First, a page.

ELECTION TECH

Technology Hiccups Mar Crucial General Elections In Africa’s Largest Democracy

By  |  February 27, 2023

More than 48 hours after Nigerians thronged much of the 176,000+ polling units across the country to cast their votes in a crucial election that would, amongst other things, produce the country’s next President, a cloud of disappointment hangs in the air.

The shoddy performance of the technology stack of Nigeria’s electoral body, the Independent National Electoral Commission (INEC), which had assured a hitch-free process on account of technological improvements it claimed to have implemented, has left the populace underwhelmed.

In an effort to curb malpractice and restore confidence in the system, Nigeria has adopted electoral reform policies that have made a couple of technological components a mainstay in the process, namely, the Bimodal Voters Accreditation System (BVAS) and the Independent National Electoral Commission Result Viewing Portal (IReV).

The former, BVAS, is a digital device that authenticates and accredits voters via fingerprints and facial recognition, and also captures images of the polling unit result sheets (Form EC8A) and uploads the image online to INEC servers.

The BVAS is itself accompanied by IReV, which allows citizens to view the results uploaded by INEC. The BVAS is supported by a strong legal framework – the Electoral Act. The absence of the Act previously, in the three elections between 2011 and 2019, fundamentally weakened the results verification process.

Apart from the fact that the ongoing elections have, in many places, been marred by deliberate disenfranchisement and voter suppression caused by violent disruption meted out by agents identified to be working for the ruling party and poor deployment of resources or maladministration by officials, the performance of the technology components; BVAS and IReV, have been anything but satisfactory.

A shabby showing

On Sunday, February 26, INEC reported that it’s experiencing “technical hitches” related to scaling the use of its election result viewer, (IReV), a portal it created to provide real-time transmission of election results.

According to a statement signed by the Chairman for its Information & Voter Education Committee, Festus Okoye, the portal was unprepared for managing nationwide general elections and has only been used in “off-season” periods.

“Our technical team is working assiduously to solve all the outstanding problems, and users of the IReV would have noticed improvements since last night,” the statement read.

Since the passing of the modified Electoral Act in 2022, this will be the first time Nigeria, with over 95 million registered voters, will be using electronic devices to conduct elections; an exercise that INEC was furnished with a reported NGN 350 B (~USD 762 M) to carryout but hasn’t quite lived up to expectations to the dismay of locals. INEC however assures Nigerians of the security of its systems and its eagerness to tackle discrepancies in the face of the irregularities seen in the accreditation, voting, collation, and results computation exercise.

Some of the discrepancies were observed with BVAS, according to reports from polling units across the country, where the device malfunctioned, effectively disenfranchising multitudes who could not be accredited to vote despite being registered voters in possession of the requisite Permanent Voters Card.

In another instance, the INEC establishment is being criticised for its failure to live up to the task of making results information available in real-time through the online transmission of results from polling units via images of results sheets that are supposed to be captured by the BVAS machine.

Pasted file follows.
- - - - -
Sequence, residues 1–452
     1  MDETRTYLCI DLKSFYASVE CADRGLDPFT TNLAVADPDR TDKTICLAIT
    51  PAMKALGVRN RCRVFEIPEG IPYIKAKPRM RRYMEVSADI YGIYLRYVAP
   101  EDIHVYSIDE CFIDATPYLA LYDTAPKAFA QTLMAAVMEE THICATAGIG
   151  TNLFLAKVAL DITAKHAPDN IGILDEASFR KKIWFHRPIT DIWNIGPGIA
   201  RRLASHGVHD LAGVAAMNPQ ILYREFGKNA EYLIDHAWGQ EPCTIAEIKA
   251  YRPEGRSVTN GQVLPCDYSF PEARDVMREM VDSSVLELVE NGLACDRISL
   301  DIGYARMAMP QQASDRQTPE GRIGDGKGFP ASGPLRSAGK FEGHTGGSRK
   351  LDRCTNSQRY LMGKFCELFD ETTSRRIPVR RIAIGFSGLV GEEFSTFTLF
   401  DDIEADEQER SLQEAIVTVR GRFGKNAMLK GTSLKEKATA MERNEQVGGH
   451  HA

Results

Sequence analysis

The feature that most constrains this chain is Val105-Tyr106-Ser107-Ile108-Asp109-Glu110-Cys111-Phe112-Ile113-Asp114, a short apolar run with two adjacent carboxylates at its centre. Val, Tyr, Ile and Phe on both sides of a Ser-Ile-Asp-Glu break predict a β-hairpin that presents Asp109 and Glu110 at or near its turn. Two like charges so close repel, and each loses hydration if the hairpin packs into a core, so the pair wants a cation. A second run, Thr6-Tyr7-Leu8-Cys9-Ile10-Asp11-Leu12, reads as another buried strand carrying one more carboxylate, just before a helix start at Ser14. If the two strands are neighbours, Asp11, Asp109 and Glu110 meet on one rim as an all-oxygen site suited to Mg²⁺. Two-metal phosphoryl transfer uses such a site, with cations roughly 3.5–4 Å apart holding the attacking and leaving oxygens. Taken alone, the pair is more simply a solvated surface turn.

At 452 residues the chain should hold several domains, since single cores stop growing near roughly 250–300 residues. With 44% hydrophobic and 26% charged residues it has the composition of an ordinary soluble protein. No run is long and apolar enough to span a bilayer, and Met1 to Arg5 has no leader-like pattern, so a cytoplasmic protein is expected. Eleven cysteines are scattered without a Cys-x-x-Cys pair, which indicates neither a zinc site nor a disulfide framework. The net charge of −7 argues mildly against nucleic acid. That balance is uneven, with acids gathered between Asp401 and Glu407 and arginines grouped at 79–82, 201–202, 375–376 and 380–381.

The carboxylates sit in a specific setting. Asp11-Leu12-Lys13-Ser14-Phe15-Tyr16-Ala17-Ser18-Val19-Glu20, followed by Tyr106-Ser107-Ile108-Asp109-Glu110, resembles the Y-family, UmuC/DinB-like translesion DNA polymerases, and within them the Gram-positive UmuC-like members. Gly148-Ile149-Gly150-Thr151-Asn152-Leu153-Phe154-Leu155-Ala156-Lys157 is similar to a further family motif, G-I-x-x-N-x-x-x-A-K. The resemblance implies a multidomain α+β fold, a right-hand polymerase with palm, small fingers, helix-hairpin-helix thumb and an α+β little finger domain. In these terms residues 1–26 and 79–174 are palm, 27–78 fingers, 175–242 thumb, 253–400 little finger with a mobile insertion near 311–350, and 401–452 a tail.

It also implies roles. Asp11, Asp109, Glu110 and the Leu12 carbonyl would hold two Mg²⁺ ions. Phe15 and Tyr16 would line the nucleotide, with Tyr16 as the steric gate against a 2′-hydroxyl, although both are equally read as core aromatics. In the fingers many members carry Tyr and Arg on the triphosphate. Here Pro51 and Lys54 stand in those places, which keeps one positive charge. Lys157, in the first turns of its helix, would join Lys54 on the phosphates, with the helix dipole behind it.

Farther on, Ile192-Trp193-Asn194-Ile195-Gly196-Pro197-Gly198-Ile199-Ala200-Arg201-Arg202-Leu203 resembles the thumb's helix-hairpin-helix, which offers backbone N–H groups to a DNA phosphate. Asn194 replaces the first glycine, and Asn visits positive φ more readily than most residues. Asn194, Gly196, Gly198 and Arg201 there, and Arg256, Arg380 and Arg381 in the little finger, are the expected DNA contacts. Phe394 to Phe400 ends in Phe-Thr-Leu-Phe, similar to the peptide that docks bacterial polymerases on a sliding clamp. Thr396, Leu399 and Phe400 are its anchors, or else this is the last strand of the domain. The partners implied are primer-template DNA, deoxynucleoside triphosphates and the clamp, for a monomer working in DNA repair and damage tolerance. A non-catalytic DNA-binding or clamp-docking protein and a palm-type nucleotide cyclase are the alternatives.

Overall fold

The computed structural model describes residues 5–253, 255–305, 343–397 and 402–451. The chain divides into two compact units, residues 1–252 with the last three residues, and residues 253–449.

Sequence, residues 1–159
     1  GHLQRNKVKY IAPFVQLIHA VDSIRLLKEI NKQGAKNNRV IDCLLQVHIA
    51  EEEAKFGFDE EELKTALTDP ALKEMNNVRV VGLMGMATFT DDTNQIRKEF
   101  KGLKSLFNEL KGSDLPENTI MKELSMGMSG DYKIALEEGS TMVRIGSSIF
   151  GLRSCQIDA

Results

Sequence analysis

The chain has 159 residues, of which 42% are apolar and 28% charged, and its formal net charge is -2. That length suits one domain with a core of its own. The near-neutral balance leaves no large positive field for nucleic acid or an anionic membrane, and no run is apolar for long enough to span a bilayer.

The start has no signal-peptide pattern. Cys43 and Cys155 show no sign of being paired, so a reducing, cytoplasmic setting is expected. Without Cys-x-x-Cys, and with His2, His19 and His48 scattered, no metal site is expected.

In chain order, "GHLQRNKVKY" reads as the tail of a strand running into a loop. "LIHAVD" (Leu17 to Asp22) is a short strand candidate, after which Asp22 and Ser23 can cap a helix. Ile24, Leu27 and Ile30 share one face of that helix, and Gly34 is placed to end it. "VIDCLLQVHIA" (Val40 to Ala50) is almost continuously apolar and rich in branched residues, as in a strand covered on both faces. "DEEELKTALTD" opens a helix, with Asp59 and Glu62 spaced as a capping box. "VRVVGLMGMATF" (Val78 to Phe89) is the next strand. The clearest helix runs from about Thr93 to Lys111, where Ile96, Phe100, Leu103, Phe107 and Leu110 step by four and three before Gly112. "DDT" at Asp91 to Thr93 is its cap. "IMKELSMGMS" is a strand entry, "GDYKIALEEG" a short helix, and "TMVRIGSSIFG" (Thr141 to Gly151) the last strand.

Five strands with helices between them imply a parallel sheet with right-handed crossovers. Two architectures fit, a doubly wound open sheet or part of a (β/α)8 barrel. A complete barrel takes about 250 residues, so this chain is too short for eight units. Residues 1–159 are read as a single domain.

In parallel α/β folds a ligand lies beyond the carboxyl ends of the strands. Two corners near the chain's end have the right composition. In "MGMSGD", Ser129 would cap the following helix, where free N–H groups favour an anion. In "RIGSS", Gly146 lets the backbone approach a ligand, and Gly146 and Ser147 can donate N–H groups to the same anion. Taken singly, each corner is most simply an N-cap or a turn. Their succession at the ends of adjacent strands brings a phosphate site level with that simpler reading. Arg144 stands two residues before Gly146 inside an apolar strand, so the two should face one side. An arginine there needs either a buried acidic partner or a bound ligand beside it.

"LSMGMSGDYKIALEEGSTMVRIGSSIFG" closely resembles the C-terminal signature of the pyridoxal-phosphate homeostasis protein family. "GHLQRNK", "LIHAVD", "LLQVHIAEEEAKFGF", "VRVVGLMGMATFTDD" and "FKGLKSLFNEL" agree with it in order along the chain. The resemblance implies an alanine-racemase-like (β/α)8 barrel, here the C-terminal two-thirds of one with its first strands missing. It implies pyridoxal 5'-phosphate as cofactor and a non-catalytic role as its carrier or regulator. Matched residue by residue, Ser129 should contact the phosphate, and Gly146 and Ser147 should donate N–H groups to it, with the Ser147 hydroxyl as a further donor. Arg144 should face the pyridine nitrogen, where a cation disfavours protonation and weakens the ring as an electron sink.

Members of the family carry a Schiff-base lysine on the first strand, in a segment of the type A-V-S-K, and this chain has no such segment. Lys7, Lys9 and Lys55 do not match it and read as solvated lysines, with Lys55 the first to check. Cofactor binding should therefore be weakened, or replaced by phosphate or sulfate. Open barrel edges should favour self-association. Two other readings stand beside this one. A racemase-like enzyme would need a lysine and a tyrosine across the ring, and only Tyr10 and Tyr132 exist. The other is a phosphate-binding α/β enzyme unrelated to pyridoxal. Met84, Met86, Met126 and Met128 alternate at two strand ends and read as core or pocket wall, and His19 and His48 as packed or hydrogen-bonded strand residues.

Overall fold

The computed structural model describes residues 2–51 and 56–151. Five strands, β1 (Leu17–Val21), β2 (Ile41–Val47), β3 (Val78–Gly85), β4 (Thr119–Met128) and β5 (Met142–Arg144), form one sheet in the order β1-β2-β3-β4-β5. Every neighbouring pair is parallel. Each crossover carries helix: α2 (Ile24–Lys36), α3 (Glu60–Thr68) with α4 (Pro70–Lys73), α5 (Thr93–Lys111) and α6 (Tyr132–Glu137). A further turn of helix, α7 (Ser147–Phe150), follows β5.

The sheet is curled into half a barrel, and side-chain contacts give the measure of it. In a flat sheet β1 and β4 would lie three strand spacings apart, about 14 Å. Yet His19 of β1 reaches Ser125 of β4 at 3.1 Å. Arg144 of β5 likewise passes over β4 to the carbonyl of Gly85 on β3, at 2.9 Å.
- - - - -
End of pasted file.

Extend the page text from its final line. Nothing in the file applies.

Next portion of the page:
Is election tech the answer?

Technology is often tipped to remove the potential for election fraud, dangers of programming errors, virus attacks, software attacks, or system hacking, and even the possibility of phoney polling units, drawing election authorities to it.

Database and server back-end problems are challenging and frequently contentious. In the case presented before the elections tribunal by a loser in the presidential election, INEC’s server troubles in the 2019 general elections in Nigeria were crucial.

The most concerning problem, however, is the technological manipulation of the outcomes. There have been allegations of collusion between election technology companies and political parties in a number of countries, including the US (more specifically, the state of California during the Democratic Party primaries in 2016), Kenya (most infamously in 2013 and 2017), Congo-Kinshasa (2018), Venezuela (2017), and the Philippines (2017). (2022). The legitimacy of “smart elections” is seriously in jeopardy, as highlighted in this article by Dengiyefa Angalapu, a Research Analyst with the Centre for Democracy and Development.

“The growing disenchantment with election technology worldwide is perhaps best captured by the lawsuit submitted by Raila Odinga, the first runner-up in Kenya’s 2022 presidential election, suggesting that wholesale adoption of electoral technologies did not diminish election rigging,” Angalapu argued.

“Evidence shows that technologically advanced countries are increasingly apprehensive about completely shifting to technology, and some, like Germany, are even cutting down on the use of election technology because of security risks,” he pointed out.

Nevertheless, Nigerians – and perhaps the rest of the continent – would be hoping to see all the issues addressed in a just manner as collation is in progress while holding their breath in anticipation of a favourable outcome in Africa’s largest democracy and biggest economy which has evidently gone backwards over the last eight years.

Featured Image Credits: Grid News

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